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CFI’s corrective statement and its introductory paragraph do not do enough to induce me to change my mind about formally distancing myself from CFI. I write to do that now, though not to the extent I expressed yesterday.

The new CFI statement is excellent. Had it been issued first, we would not be having this discussion.

Unfortunately, in the introductory paragraph, CFI’s leaders have done the politicians’ shuffle and failed to take responsibility for a grotesque, though unintentional, misrepresentation of most secular Humanists’ views.

The statement that created this controversy declares that “it would be inappropriate to build any new house of worship in the area immediately around Ground Zero, not just mosques.” While the specific meaning of “inappropriate” is subject to interpretation, the general meaning is clear: it implies, whether as a matter of law, a matter of ethics or a matter of judgment, that those theists should not build their churches. That is what it says and that is how it will be received. Reconstructing this with a statement of regret that the original statement “was interpreted by some as calling for a prohibition on the placement of mosques or other houses of worship near Ground Zero or otherwise speaking out against freedom of religion” dodges the clear meaning of CFI’s words, especially the word “inappropriate.” Addressing only the worst of three unfavorable interpretations leaves most of the ground uncovered. Many people will not see the distinction between the legal, ethical and judgment-oriented interpretations, even with the explanation.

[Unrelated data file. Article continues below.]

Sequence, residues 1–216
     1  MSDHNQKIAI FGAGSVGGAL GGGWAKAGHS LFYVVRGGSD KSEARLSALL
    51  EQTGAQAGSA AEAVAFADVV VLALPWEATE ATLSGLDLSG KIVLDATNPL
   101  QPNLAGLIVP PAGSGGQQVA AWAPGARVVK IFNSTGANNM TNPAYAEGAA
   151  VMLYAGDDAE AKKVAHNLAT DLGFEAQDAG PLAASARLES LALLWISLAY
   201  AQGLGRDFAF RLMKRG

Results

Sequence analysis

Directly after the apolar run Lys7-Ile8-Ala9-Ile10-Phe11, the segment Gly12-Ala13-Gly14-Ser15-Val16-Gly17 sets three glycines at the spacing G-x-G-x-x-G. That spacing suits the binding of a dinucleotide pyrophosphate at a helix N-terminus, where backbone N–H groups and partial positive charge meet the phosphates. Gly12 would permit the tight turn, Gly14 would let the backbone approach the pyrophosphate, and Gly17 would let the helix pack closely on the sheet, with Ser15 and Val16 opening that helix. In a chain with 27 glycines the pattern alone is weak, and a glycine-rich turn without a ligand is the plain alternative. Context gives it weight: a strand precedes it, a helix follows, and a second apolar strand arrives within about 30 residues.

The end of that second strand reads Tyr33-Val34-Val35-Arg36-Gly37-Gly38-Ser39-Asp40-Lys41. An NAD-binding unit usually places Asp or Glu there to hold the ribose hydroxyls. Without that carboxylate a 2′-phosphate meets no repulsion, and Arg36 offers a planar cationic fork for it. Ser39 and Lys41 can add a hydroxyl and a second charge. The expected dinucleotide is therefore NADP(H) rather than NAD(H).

Any misinterpretation of the authors’ intent is solely the fault of the authors. No one forced them to use those words; they chose to use them, and they are 100% responsible for the foreseeable consequences. Phrased as it is, the original statement inevitably will be interpreted not just by a few but by many as a call for a prohibition of all churches, synagogues, mosques, temples and the like. Even though CFI has now walked that back, the bell cannot be un-rung. People will think we believe it no matter how much we disclaim and deny: they held that view of us before August 27 and they certainly will hold it now.  The original press release reinforces a negative prejudice against us.

People who cannot see that well in advance should not be issuing statements on our behalf. To the extent that the first statement attracts any attention – the essential purpose of a press release – it will harm every one of us in our efforts to promote and champion our causes. Instead of acknowledging this, CFI’s “corrective” statement shows that the leadership is unwilling either to face or to admit what it has done, and to accept responsibility for the consequences of its actions. Instead, it now asks all of us to bear the burden, which we surely will do even if we distance ourselves from CFI. This suggests either a lack of humility or a state of denial.

In addition, the August 27th press release remains on CFI’s website. I have been told that there are concerns about censorship and trying to rewrite history if the press was removed. Censorship does not apply to one’s own writings. And if one agrees that the press release should never have been issued, then a simple notice on the site that it has been removed on further reflection would suffice. To do less is to continue to publish it as a reflection of CFI’s views. A disclaimer on another page will not prevent future damage, and even a disclaimer on the same page would not plug the hole in the dike.

High on my list of reasons for being a Humanist is my commitment to being firmly grounded in reality and acting responsibly according to the facts. In reacting defensively instead of accepting responsibility, leadership has failed to act on that shared commitment.

If a person who likes his whiskey is seen hanging around the whiskey cabinet, his protestations will not believed, even if they are true. We secularists already face the public prejudice on the part of many, not only the most radical fundamentalists, that we would ban religion if we could. We should not adopt a perpetually defensive posture so that we can avoid offending anyone but neither can we afford to be unmindful of how our words will be received.